I highly recommend you subscribe to Seth’s blog. You’ll get a daily email containing his latest blog post – most posts take just a minute or two to read, but the food for thought will sustain you all day long.
I know I sound like a fanboy. Because I am. You should be too.
A few days ago, the guy who played Bozo The Clown on TV in Arkansas during my childhood passed away. I vividly remember watching the show. I even more vividly remember thinking “this is cheesy” even in my not-fully-developed brain. The wacky hair. The obvious scull cap. The goofy “no right answer” questions he’d ask the kids, like “Do you walk to school or carry your lunch?” or “How smart is your mother, 100 or 45?”
Back in those pre-historic days, a tape recorder served as an entertainment outlet for my siblings and me. The first “comedy” tape (using the term very loosely) we ever made featured several Bozo parodies. But watching the tribute segments and reading the obits, I have a newfound respect for Gary Weir, the Arkansas Bozo for more than 25 years. He clearly enjoyed the work, and made sure that the kids felt special.
There’s a lot to be said for giving your all at your job, and focusing on your customers instead of yourself… even if your role is to be the clown.
“Give your product an appealing name”
“Make sure the product photo doesn’t look like dog poop”
… but you can judge a LinkedIn request by looking at the profile summary. Here’s an easy “accept” one:
Executive recruiter from Columbus? Sure, why not? I’ve never met him, don’t know him from Adam, but my LinkedIn bar is very low (it’s like Facebook “friends” but without the cute baby pictures). Maybe he can help me land my dream job (replacing Alex Trebek as host of Jeopardy. Buy American!)
Whereas this one is a no-go:
I appreciate the e.e. cummings lowercase style of the name. Thanks to my company’s Diversity & Inclusion training, I have a much better understanding of — and appreciation for — the fact that different cultures and backgrounds have different societal norms. Perhaps in Brazil it is customary for professors to wear clothes that in the U.S. would be considered “sleazy nightclub” outfits. But my gut is telling me no, unless I want to wind up becoming the plot of a Lifetime movie (working title: Extra Credit: The Abduction and Kidney Harvesting of Dubbatrubba) or a Van Halen video.
I like weird music that no one has ever heard of. I listen to bands that don’t even exist….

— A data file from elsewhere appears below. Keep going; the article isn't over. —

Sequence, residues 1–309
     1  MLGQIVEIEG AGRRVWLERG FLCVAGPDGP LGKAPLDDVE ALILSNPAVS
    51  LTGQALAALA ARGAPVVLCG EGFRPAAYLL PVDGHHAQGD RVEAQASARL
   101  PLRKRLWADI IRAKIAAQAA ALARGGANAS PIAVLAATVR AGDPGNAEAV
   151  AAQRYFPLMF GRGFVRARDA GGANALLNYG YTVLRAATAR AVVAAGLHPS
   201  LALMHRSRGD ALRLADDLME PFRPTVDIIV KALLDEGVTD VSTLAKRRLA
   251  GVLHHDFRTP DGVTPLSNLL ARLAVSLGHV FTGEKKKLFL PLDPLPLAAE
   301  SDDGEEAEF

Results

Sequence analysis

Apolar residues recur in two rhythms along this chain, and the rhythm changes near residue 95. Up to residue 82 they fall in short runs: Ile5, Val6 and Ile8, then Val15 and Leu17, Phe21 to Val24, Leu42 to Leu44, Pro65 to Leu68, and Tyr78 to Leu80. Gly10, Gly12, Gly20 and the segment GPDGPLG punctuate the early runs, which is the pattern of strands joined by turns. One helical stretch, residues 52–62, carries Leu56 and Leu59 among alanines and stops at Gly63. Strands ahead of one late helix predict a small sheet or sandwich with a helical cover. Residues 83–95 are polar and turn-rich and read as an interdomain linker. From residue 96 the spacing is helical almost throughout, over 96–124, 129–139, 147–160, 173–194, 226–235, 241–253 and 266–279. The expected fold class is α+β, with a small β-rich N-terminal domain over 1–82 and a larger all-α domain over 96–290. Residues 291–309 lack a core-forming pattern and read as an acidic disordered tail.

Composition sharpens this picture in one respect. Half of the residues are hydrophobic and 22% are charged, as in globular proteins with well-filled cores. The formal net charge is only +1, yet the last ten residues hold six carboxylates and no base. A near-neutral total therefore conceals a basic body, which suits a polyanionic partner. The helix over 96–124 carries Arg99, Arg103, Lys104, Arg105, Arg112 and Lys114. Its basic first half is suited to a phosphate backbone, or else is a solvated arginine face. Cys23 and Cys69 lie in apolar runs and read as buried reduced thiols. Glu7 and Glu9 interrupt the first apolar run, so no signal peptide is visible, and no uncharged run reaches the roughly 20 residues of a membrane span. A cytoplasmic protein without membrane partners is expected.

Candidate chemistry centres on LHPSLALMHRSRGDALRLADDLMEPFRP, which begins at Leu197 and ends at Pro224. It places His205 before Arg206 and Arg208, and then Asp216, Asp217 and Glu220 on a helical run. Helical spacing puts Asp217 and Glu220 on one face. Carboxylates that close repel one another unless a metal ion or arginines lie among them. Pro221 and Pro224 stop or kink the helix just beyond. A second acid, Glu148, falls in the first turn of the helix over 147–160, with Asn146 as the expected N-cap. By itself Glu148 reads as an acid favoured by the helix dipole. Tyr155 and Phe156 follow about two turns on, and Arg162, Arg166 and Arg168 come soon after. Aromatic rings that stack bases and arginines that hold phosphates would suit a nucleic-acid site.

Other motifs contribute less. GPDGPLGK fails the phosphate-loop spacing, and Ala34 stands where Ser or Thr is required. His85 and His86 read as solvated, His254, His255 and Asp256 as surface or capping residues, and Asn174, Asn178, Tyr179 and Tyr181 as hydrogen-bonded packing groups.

…We interrupt our regularly scheduled boring blog post for an even more boring Public Service Announcement:
46 days from now, I’ll be participating in the Cincinnati edition of the Cystic Fibrosis Cycle for Life Event.
This is my third consecutive year riding and raising funds to fight CF. I’ll be doing the 32-mile route because that’s all my ancient bike and my even-more-ancient knees can handle.
Don’t worry, I’ll wear a helmet with my bowtie.
If you feel so inclined, please considering making a donation to help find a cure for this insidious disease. You can do so at my page. Your contribution is fully tax-deductible, and more importantly you’ll have my undying gratitude. I will name my first son after you (provided your name is Gabriel).
Thanks for considering it.
We now return to our regularly scheduled programming…
… and I still like those bands.
It made my heart so happy (in a fake Kelly Ripa way) that Kelly Ripa decided to replace one overexposed co-host (looking at you, Michael Strahan) with another overexposed co-host (Seacrest…in).
[Sidebar topic: Kelly Ripa is the black widow of TV hosts – discuss amongst yourselves.]
Seriously, are Strahan and Seacrest on a not-so-secret mission to take over every airwave that exists? Michael Strahan is a host on Good Morning America, and an analyst for FOX NFL games, and hosted the reboot of $100,000 Pyramid. Before he got the heave-ho from Kelly, he was basically on the air about 12 hours of every day. And Seacrest covered the other 12, with American Idol, E! News, all those E! red carpet shows, the annual New Years Rockin’ Eve… in addition to his daily four hour radio show and the weekly American Top 40 countdown. I hope they own stock in 5-hour Energy.
Actually, I kinda hope they get laryngitis.
I’m not a regular viewer/listener to any of the shows listed above — in fact I barely watch any TV at all — but even I can’t escape the two-headed host-beast named Stracrest.
All that on-air time must be cutting into their prep time:
The Boss was right.